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Gridiron commerce: State championships equal economic growth

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Gridiron commerce: State championships equal economic growth DouglasNow.com file photo

The news of the month, and the year, to be honest, is the Coffee Trojans’ first-ever state football championship. It’s one of the biggest local stories I’ve ever covered and it’s had the most profound effect on our community of anything that I can think of in the last 10 years.



Overall, a winning football season has a positive effect on the community, particularly the school system. I remember listening to Jimmy Roberts give a presentation on the history of Coffee football a few years ago. A former administrator in the school system (and the Trojans’ long-time stadium announcer), he commented that when the football team did well, the school year always seemed smoother.



I can certainly see where that would be the case. But in terms of overall community impact, what exactly does a “good” season mean – and in this case, by a good season I mean a state championship season?



We’ve had some really solid football seasons over the last 10 years. I know when people talk about Coffee football, they like to go back to the early 1980s and mention those names that have since become local legends. But the glory days of the Trojans are right now. The last decade has been the best decade of Coffee’s history. We’ve won more games, made deeper playoff runs, and been more recognizable on statewide than ever before.



The only thing that eluded us was a state title. We can now scratch that off the list.



Should we expect something other than a championship banner hanging in the gym and a trophy sitting atop the trophy case? Believe it or not but the answer is “Yes.”



Though the study we are about to discuss wasn’t conducted in Georgia, it’s findings should be applicable to our state. Several years ago, Rex J. Pjesky of West Texas A&M University published a paper titled “Friday Night Lights, Monday Morning Growth: The Impact of Successful High School Football Teams on Local Economic Development” in The Southwestern Economic Review. The paper looked at 34 small communities in the Texas Panhandle and studied the economic impact successful high school football teams had on their local economies.



We aren’t going to get into the minutiae of the paper; at 11 pages, it’s not that terribly long. However, there are lots of variables and equations that Pjesky used to measure what happens economically in a small town following a state football championship. The communities in the study were smaller than Douglas (1,000 to 5,000 in population) but I believe we can draw some of the same conclusions that Pjesky does.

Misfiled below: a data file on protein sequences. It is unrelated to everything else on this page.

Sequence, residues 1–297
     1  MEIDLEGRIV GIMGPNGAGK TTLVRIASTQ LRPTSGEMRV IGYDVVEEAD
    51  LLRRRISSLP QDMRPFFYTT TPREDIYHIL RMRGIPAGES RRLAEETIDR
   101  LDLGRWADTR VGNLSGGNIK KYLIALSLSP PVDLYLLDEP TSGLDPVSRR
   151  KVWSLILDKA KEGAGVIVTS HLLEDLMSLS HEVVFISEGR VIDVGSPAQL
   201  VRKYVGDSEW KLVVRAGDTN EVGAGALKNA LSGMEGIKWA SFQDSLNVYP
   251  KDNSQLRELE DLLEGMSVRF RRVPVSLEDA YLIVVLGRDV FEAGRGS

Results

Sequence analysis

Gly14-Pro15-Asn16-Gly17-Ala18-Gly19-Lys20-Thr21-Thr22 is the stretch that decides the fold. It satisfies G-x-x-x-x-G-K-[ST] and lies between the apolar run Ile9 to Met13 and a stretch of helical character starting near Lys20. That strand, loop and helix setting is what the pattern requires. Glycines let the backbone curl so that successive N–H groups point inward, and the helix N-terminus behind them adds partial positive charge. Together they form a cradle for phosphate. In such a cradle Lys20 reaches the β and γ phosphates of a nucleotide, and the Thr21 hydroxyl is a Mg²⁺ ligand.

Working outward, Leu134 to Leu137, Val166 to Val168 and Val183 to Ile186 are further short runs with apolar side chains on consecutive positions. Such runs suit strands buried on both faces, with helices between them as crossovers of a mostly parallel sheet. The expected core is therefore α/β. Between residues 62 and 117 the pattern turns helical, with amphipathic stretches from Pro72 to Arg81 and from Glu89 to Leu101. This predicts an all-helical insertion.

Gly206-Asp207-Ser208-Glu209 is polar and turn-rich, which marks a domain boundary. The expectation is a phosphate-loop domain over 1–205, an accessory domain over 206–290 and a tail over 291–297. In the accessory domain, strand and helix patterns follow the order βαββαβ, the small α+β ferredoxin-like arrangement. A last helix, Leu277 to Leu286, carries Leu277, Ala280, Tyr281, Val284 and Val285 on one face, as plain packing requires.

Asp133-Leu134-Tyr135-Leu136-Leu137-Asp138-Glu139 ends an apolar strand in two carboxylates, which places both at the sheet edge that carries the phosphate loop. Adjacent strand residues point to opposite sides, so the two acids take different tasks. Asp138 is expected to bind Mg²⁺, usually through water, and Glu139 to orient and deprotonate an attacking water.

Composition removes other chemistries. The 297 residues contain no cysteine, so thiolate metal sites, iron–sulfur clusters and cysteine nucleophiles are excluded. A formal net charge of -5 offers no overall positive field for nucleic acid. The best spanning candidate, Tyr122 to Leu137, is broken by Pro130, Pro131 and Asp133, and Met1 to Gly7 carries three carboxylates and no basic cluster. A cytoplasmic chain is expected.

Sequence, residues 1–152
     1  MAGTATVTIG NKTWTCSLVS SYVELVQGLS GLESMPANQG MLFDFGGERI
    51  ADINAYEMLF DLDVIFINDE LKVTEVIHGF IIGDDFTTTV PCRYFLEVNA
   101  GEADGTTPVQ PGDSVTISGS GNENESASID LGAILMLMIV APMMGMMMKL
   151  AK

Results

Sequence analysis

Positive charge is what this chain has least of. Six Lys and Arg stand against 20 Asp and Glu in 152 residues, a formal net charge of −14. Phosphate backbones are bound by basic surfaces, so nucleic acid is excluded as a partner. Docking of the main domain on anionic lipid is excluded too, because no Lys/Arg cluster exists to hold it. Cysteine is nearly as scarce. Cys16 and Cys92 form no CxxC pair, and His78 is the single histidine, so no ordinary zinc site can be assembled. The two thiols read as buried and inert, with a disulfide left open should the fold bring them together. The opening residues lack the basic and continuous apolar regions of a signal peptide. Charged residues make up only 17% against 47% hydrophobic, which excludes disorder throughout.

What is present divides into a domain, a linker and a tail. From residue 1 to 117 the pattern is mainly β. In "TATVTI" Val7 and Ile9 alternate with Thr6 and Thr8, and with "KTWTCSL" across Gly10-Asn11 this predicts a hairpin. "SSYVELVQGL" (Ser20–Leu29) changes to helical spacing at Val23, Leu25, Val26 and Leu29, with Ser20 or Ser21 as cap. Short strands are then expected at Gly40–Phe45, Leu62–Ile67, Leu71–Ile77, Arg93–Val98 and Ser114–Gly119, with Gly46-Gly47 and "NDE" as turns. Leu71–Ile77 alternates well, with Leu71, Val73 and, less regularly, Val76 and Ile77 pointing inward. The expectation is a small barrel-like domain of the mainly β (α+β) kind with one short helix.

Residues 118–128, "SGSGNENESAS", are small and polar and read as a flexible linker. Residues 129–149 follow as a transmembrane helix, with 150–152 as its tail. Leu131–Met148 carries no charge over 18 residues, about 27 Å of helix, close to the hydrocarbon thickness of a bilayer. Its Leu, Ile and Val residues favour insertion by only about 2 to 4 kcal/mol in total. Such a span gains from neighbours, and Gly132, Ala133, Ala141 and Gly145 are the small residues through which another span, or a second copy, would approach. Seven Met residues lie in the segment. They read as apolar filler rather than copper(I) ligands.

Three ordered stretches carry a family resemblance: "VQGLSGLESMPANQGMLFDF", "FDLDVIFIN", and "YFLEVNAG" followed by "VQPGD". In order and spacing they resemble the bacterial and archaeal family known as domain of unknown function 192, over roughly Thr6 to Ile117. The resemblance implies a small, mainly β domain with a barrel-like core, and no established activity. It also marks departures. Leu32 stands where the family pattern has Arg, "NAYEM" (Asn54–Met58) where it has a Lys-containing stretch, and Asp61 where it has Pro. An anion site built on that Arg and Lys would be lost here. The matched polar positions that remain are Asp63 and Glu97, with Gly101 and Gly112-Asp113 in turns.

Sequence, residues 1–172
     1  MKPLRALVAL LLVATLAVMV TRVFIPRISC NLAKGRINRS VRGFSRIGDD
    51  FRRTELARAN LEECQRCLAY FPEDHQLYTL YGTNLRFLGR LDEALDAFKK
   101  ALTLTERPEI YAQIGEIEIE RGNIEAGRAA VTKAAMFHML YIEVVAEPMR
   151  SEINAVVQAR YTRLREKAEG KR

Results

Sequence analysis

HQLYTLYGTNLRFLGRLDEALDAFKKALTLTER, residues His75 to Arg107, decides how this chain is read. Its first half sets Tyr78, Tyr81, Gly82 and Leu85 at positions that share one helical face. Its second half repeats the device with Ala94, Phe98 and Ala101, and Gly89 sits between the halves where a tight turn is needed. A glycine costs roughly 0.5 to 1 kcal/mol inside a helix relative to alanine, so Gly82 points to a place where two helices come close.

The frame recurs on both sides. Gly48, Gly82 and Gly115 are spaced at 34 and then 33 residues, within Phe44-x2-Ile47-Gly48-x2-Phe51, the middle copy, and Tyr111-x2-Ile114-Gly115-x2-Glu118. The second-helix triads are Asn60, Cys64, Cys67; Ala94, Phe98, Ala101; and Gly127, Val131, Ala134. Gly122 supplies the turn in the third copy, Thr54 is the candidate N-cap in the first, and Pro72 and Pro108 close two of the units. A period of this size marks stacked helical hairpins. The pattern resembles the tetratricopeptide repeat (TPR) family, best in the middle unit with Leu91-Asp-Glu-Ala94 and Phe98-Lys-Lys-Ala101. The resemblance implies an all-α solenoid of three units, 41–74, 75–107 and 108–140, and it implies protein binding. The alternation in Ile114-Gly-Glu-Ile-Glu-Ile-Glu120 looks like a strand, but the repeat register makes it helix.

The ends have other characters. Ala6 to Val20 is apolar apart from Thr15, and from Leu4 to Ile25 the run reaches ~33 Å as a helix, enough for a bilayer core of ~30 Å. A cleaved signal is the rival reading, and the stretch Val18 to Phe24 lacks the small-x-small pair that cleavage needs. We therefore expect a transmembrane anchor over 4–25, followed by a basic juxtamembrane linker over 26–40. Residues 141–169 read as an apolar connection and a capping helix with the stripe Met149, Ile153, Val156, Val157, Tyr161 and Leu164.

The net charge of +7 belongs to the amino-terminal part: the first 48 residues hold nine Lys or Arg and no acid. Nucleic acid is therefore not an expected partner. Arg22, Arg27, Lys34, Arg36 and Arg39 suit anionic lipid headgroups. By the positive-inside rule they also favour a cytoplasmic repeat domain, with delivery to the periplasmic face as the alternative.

He hypothesized that the sense of community pride that follows a state title in a rural town “is a much more important factor in community development and vitality in a small town relative to a large town.” He mentioned early in his paper that a 2007 study demonstrated that asset prices diminish in countries after they are eliminated from the World Cup. That, he says, shows that “economic processes can be impacted by non-economic events which affect the mood of the people.”



The primary metric that Pjesky investigated was sales tax collections. He developed a few equations utilizing sales tax collections, wins by the football team, distance from a metro area, and other variables.



The conclusion that Pjesky came to shows that a state football championship leads to a positive economic impact on the local community for two years. Pjesky writes the following: The results of model one suggest that football success has a significant short term impact of the development of small communities. Specifically, model one suggests a winning football team increases economic activity in a small town two years after success of the football team.” Pjesky adds that even though his study focused on small communities, it is reasonable to expect that larger towns would also experience economic growth, though it may harder to study: “But there is no reason that the mechanism that relates community pride to economic development through successful sports teams would not work in a similar or identical way in larger economies. If that is true, the result of this paper, that winning on the field at best creates short term economic benefits for small towns, could be transferred to larger cities.”



It’s hard to overstate the importance of high school football in rural Texas. Likewise, it’s equally hard to overstate the importance of high school football in rural Georgia. The two areas face many of the same struggles economically and turn to sports, particularly football, as a way of dealing with the harsh realities of life in their communities. Therefore, I believe it is reasonable to expect there to be some positive economic impact from the Coffee Trojans’ first state championship in school history.



And that is more good news for Douglas and Coffee County.

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